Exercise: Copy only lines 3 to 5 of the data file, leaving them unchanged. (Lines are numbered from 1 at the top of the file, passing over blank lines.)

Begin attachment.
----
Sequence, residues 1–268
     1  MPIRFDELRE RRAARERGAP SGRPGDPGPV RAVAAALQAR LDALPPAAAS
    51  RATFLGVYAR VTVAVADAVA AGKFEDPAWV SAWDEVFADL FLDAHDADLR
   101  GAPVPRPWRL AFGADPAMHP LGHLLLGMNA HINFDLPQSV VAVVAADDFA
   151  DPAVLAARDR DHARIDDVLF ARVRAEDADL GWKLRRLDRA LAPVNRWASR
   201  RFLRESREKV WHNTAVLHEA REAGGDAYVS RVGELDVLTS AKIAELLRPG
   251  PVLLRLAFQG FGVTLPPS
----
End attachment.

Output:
    51  RATFLGVYAR VTVAVADAVA AGKFEDPAWV SAWDEVFADL FLDAHDADLR
   101  GAPVPRPWRL AFGADPAMHP LGHLLLGMNA HINFDLPQSV VAVVAADDFA
   151  DPAVLAARDR DHARIDDVLF ARVRAEDADL GWKLRRLDRA LAPVNRWASR